Black women lack political representation

Kathryne LeBell, Views Editor

This is an opinion article and does not necessarily reflect the views of The Tulane Hullabaloo.

Black women are one of the most underrepresented groups in American government. This discrepancy comes as no surprise; black women are often stereotyped as angry, uneducated and incapable of participating in politics. This election season represents a shift, with Michelle Obama’s powerful statements and 38 black women serving on Hillary Clinton’s campaign staff. Still, these are only building blocks to providing black women the political representation and policy changes they deserve.

In 2015, black women made up 7.4 percent of the American population. According to a report published by Rutgers, however, only 3.4 percent of Congress and 3.5 percent of state legislators are made up of black women. Furthermore, there has never been a black woman state governor. This stark divide speaks to just how little representation this population receives.

Black women, as well as other women of color, have often pushed gender to the side to focus on the racial fight for equality. Currently, this shows in the Black Lives Matter movement. While there is some focus on female victims of police brutality, the more popular hashtags overwhelmingly support male victims. This is significant because the founders of Black Lives Matter are three women.

“Historically, movements for racial justice have often framed the question of equality as one that could be answered by men,” Professor of History at Georgetown University Marcia Chatelain said in an interview with Dissent magazine. “From the abolitionist movement to the civil rights movement, many of the key issues were framed around concerns that racial injustice harmed masculinity.”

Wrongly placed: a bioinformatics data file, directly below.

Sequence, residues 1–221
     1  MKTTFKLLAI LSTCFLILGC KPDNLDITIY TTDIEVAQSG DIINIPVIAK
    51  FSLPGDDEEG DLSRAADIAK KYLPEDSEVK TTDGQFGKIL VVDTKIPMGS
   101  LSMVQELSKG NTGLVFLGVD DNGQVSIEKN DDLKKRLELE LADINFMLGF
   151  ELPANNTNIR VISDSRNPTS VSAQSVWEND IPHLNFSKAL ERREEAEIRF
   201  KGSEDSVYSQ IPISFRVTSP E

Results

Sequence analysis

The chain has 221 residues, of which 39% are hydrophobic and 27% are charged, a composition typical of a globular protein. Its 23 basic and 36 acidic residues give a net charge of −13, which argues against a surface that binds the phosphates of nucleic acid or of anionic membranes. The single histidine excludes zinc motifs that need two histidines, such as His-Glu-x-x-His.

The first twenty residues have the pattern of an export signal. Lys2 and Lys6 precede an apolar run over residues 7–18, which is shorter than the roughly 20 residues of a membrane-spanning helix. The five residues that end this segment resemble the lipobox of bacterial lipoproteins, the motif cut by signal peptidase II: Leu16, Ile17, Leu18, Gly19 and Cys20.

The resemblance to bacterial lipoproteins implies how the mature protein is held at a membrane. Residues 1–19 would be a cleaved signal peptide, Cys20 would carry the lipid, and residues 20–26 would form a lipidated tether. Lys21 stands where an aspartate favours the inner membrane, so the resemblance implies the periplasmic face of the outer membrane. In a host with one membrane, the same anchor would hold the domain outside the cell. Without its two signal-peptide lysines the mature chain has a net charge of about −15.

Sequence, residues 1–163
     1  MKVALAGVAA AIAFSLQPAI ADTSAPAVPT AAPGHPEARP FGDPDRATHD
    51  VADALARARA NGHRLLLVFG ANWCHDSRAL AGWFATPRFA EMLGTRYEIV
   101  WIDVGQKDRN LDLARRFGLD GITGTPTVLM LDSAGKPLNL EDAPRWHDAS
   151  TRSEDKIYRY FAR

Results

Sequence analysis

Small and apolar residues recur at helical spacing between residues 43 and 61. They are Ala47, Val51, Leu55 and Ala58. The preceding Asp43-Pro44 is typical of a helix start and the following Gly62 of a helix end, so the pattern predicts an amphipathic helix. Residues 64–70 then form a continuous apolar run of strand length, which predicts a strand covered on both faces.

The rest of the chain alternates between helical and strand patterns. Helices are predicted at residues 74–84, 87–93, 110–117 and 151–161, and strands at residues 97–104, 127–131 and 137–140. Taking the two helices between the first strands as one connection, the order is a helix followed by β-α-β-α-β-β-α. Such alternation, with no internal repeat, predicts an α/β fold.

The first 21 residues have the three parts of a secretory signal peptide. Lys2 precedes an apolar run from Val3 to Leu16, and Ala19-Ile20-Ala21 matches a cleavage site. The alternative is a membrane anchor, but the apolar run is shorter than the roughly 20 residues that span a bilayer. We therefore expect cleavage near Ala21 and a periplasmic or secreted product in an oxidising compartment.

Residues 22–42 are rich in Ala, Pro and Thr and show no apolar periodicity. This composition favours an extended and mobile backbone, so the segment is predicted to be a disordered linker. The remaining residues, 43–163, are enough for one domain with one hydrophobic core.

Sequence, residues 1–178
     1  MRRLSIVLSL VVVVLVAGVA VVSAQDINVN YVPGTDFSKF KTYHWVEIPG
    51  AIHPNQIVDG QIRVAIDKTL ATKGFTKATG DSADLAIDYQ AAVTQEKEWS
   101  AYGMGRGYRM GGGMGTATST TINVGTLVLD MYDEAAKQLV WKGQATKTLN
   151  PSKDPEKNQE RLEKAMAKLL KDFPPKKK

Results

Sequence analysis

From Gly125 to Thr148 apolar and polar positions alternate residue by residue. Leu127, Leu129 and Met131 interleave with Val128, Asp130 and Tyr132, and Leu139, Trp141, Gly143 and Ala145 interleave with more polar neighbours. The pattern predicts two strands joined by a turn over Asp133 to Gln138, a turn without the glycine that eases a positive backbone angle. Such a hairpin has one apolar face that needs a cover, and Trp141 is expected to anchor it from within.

Though there may be fewer female victims of homicide, there is evidence that race-based violence impacts them in different ways. Much of the violence committed against women occurs outside of the public sphere. This includes domestic violence and sexual assault, which happen in homes and detention centers nationwide. Still, black women actively push for equality.

While the growth rates of white women in office have flat lined, the rates for black women have been on a steady uptick. The high number of women in Clinton’s campaign should not be attributed to her radical acceptance, but to these women’s drives. Despite heavy marginalization from nearly every demographic, black women continue to make great strides.

As participants in the political system, it is our responsibility to consider anyone as a viable candidate for political office, regardless of race or gender. In politics, racism is most damaging at the structural level; it is non-violent, but inherently restricts the rights of certain individuals. Black women continue to fight to be heard, and we must stop and listen to what they are trying to say.

“What lessons are [our little girls] learning about their value as professionals, as human beings, about their dreams and aspirations?” Obama said in a recent campaign speech. Until each level of American politics reflects the people living in this country, black girls receive the implicit message that they are worth less.

Kathryne LeBell is a senior at Newcomb-Tulane College. She can be reached at [email protected]